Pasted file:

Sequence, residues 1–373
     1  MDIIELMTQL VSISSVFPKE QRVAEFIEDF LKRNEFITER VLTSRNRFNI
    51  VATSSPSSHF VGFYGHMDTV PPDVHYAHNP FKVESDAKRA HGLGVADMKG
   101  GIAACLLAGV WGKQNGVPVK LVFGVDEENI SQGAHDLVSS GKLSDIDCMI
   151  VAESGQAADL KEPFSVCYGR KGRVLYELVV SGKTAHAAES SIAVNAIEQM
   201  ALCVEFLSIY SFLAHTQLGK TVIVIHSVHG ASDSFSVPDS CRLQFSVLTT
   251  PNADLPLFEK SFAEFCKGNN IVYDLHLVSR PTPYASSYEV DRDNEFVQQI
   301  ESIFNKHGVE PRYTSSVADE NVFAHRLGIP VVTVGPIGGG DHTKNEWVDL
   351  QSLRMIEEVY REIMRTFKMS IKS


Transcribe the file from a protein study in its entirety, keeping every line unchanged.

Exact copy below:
Sequence, residues 1–373
     1  MDIIELMTQL VSISSVFPKE QRVAEFIEDF LKRNEFITER VLTSRNRFNI
    51  VATSSPSSHF VGFYGHMDTV PPDVHYAHNP FKVESDAKRA HGLGVADMKG
   101  GIAACLLAGV WGKQNGVPVK LVFGVDEENI SQGAHDLVSS GKLSDIDCMI
   151  VAESGQAADL KEPFSVCYGR KGRVLYELVV SGKTAHAAES SIAVNAIEQM
   201  ALCVEFLSIY SFLAHTQLGK TVIVIHSVHG ASDSFSVPDS CRLQFSVLTT
   251  PNADLPLFEK SFAEFCKGNN IVYDLHLVSR PTPYASSYEV DRDNEFVQQI
   301  ESIFNKHGVE PRYTSSVADE NVFAHRLGIP VVTVGPIGGG DHTKNEWVDL
   351  QSLRMIEEVY REIMRTFKMS IKS